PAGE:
The Western Painted Turtle (Chrysemys picta bellii) is one of only two turtles that are native to the Pacific Northwest (the other is the Western Pond Turtle).
Since we don’t have very many turtles in our region, it is a real pleasure to see one in the wild. And it’s even more of a pleasure to see 10 Western Painted Turtles, of various sizes, all sunning themselves on a log at the Smith and Bybee Lakes Wetlands Natural Area in Portland. That’s where I recently had my first encounter with this species.
Western Painted Turtles are found in the Willamette Valley of Oregon, the Columbia River Gorge, eastern Washington, and southern British Columbia. They may have been introduced by humans to other areas.
Red coloration on the plastron (the underside of the shell) is one distinguishing trait of this turtle. Another feature that sets the Painted Turtle apart from the Western Pond Turtle is the colorful longitudinal striping along its head and neck.
If you see a turtle that looks like a Western Painted Turtle, but has a yellow plastron and a bright red mark behind each eye, you are looking at a Red-eared Slider. This species is not native to the Pacific Northwest. It is a very common terrarium pet and many have been released into habitats where they never existed previously.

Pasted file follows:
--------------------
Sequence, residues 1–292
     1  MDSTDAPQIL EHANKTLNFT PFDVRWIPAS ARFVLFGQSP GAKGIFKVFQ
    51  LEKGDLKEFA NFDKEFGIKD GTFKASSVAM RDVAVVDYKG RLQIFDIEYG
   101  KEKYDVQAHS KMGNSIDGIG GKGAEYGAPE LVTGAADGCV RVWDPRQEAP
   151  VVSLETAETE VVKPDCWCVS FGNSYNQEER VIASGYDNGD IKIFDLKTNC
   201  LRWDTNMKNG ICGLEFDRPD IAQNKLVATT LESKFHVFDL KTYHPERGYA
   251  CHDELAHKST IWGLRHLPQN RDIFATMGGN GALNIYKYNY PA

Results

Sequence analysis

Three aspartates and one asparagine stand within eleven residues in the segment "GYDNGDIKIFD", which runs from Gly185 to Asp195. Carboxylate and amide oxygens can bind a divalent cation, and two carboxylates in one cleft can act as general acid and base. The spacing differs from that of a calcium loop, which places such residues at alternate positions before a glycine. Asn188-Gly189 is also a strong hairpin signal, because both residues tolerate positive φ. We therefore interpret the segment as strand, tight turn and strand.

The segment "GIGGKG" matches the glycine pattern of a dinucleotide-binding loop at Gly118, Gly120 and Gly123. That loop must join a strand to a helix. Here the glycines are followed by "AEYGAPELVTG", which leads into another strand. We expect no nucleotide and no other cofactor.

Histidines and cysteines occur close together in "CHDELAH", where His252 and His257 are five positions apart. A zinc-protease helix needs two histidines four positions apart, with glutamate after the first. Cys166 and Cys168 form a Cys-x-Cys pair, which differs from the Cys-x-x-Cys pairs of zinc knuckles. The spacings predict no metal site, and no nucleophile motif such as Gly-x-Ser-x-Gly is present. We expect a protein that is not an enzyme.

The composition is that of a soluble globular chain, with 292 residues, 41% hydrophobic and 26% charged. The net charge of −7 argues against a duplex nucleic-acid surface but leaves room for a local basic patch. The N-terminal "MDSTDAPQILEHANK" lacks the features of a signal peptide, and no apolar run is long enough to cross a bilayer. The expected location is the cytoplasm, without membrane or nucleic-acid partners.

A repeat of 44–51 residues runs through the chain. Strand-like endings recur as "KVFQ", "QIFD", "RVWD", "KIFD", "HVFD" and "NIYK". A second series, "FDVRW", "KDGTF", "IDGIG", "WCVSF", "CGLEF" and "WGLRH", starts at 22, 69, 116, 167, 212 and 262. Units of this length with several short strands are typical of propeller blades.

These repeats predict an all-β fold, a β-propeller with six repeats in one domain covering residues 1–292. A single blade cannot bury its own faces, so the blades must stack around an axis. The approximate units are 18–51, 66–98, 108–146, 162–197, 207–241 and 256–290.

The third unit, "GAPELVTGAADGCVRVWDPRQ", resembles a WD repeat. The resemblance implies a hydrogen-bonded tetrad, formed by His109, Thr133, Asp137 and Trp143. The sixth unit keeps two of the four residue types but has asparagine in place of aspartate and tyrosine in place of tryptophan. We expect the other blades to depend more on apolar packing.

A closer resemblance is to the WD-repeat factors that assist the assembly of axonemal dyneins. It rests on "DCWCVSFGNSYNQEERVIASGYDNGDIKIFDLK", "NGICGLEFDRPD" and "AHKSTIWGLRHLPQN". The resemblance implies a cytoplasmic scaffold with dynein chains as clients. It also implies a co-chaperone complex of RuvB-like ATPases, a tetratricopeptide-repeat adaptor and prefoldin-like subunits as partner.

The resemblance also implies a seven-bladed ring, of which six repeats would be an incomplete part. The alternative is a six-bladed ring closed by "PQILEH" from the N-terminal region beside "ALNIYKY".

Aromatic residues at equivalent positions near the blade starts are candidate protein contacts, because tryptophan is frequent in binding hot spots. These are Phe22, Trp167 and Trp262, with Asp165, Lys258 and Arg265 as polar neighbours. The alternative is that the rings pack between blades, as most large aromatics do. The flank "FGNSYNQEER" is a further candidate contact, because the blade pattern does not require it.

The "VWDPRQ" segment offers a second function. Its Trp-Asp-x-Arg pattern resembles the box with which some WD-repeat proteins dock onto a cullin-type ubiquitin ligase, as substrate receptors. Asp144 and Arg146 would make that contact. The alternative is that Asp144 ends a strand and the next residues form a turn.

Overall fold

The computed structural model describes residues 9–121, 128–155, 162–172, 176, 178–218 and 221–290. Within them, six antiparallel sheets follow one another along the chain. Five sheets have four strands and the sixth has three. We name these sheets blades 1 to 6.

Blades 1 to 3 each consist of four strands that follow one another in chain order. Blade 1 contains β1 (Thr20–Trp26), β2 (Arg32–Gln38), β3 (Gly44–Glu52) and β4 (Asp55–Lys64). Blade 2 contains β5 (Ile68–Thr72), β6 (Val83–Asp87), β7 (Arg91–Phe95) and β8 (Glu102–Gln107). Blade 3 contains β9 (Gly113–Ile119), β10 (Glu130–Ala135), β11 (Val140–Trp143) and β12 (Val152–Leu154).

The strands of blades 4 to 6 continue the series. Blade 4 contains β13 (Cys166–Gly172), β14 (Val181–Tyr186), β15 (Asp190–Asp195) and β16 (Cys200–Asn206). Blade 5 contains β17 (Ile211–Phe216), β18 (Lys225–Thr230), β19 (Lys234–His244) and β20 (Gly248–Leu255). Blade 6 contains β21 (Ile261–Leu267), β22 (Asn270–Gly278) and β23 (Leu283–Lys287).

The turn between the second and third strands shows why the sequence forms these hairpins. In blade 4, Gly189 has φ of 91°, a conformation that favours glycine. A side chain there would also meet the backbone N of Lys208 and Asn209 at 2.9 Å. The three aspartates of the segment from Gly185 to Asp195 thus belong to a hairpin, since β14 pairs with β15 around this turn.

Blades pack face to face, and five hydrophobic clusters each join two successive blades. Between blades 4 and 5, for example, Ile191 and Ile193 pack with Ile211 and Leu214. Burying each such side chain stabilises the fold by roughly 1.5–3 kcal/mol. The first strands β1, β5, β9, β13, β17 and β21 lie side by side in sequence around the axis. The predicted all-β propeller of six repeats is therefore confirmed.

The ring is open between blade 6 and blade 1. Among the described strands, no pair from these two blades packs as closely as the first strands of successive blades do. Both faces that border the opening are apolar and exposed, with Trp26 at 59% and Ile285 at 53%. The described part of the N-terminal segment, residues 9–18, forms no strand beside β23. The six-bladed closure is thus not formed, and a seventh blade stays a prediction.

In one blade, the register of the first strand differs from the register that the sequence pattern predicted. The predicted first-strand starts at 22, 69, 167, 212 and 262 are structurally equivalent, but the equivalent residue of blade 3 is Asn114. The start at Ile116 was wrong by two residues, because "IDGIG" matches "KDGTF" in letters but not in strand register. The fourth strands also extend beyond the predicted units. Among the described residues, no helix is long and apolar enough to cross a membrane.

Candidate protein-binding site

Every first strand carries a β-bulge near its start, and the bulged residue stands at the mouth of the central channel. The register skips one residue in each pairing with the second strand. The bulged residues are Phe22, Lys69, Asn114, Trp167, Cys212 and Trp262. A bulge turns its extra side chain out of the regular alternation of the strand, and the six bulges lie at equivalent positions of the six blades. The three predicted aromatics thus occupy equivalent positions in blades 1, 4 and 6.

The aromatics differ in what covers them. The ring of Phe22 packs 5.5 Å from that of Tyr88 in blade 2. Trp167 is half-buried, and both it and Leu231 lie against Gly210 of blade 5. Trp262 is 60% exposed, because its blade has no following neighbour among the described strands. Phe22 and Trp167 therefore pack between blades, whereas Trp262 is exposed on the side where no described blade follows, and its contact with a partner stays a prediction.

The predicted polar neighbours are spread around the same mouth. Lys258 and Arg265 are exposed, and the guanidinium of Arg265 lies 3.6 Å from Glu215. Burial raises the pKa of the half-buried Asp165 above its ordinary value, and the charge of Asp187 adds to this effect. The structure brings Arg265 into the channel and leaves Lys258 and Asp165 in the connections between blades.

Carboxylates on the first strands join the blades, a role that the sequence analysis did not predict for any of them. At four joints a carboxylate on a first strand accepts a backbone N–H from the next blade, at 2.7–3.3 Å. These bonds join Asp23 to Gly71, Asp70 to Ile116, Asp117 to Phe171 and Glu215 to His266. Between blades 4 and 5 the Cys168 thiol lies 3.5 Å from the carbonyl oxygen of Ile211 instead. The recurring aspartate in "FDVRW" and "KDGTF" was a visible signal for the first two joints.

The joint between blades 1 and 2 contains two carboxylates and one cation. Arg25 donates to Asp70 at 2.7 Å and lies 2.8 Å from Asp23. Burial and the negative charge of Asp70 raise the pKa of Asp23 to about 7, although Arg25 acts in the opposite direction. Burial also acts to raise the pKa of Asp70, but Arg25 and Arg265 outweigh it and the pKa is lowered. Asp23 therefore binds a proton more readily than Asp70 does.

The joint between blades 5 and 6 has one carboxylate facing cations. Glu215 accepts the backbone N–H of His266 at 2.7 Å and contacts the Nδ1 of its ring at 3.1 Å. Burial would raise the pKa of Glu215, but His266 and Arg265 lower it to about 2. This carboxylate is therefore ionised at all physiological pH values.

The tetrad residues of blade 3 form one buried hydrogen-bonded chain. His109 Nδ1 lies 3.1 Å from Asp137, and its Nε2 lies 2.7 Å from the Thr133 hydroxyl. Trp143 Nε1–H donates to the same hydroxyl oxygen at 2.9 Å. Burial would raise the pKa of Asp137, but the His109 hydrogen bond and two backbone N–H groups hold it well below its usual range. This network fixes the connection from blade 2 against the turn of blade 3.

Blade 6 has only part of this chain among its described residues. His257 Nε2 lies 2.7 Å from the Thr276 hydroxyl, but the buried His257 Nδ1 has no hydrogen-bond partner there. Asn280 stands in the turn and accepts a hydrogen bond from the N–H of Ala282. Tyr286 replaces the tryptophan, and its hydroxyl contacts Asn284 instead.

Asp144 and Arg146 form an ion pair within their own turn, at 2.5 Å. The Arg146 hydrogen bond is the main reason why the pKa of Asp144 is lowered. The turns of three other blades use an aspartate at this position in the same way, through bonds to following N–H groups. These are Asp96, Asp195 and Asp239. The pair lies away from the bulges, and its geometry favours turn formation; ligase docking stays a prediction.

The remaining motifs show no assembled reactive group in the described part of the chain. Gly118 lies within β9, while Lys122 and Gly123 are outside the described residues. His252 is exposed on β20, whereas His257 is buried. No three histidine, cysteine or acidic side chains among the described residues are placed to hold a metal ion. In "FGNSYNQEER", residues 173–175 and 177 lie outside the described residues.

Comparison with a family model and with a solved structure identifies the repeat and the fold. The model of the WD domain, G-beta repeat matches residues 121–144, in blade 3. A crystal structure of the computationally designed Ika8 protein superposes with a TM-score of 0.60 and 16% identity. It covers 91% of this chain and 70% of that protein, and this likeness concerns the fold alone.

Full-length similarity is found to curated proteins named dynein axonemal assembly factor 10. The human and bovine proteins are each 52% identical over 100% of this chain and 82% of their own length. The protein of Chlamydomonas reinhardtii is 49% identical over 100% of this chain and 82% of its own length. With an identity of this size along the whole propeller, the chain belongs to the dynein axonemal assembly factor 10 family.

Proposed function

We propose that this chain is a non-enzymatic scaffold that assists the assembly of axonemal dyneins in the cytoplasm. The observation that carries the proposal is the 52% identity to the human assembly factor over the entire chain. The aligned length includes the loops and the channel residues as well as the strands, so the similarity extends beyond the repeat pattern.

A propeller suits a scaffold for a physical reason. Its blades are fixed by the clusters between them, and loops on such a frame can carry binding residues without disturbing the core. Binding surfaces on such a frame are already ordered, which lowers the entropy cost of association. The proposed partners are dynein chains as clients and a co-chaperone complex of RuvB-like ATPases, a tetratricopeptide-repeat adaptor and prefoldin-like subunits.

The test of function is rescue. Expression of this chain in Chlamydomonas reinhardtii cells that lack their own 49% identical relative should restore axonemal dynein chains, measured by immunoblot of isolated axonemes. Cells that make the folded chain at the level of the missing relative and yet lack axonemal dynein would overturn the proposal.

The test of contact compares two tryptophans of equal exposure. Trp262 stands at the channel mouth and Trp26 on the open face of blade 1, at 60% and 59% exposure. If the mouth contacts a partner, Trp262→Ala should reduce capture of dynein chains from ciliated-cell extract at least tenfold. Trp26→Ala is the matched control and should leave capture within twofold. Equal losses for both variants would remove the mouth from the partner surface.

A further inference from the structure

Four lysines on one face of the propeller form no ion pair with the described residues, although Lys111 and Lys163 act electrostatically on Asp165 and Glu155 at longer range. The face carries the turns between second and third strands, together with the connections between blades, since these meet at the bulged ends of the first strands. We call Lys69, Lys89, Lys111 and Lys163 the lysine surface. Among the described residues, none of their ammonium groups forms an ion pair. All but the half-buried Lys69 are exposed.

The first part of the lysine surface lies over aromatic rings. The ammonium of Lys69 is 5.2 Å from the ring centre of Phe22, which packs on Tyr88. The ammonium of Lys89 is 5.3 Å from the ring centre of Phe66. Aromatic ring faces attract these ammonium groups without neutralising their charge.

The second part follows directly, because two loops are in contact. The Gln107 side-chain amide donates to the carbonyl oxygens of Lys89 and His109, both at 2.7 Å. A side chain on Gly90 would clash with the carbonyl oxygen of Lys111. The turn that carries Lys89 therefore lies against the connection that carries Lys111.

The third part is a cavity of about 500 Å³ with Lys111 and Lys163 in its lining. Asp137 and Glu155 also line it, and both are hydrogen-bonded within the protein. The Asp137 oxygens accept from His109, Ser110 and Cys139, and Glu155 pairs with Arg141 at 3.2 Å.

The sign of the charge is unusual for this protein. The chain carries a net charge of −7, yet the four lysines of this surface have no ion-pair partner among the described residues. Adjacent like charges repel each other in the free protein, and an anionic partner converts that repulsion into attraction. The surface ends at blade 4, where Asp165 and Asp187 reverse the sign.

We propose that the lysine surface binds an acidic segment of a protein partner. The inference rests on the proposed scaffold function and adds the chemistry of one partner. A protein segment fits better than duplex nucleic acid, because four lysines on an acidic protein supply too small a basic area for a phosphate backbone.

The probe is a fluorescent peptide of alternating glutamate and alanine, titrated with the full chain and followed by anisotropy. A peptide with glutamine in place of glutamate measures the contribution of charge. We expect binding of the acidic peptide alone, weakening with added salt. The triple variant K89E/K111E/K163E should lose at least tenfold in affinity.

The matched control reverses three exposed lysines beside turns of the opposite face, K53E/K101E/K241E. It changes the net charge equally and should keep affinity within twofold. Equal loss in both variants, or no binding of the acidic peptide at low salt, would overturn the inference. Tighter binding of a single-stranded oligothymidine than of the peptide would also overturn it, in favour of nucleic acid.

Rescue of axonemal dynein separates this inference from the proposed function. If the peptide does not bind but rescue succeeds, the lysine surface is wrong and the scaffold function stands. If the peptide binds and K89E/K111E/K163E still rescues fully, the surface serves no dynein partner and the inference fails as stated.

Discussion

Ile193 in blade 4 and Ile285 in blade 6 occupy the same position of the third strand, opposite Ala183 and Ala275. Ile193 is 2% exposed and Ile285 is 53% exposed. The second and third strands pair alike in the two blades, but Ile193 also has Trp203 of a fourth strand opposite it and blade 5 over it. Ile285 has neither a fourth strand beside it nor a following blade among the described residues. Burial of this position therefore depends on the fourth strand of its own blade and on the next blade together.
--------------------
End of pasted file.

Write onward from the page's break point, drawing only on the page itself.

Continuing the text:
Western Painted Turtles live in cattail ponds and shallow lakes with muddy bottoms and a lot of aquatic vegetation. Adults eat these plants, along with some animal prey, such as insects, crayfish, and tadpoles. Young turtles are more carnivorous.
Turtles bask in the Sun to warm up, so that they can actively search for food in cold water. Good basking spots are sometimes hard to come by, so turtles can be agressive towards each other when defending their spot in the Sun.
In winter, Western Painted Turtles bury themselves at the bottom of a pond or lake, or in the woods. There they hibernate until warmth returns in spring.
A male painted turtle courts a female by swimming backwards in front of her and vibrating his long claws on her cheeks. Mating occurs in both spring and autumn. When she is ready, the female buries up to 20 eggs on land. This is usually in June or July. Raccoons and skunks may dig up turtles nests to eat the eggs.
Hatchlings scramble toward the water, doing their best to evade predators, such as the aforementioned mammals as well as bullfrogs and birds.
Western Painted Turtles may live up to 40 years.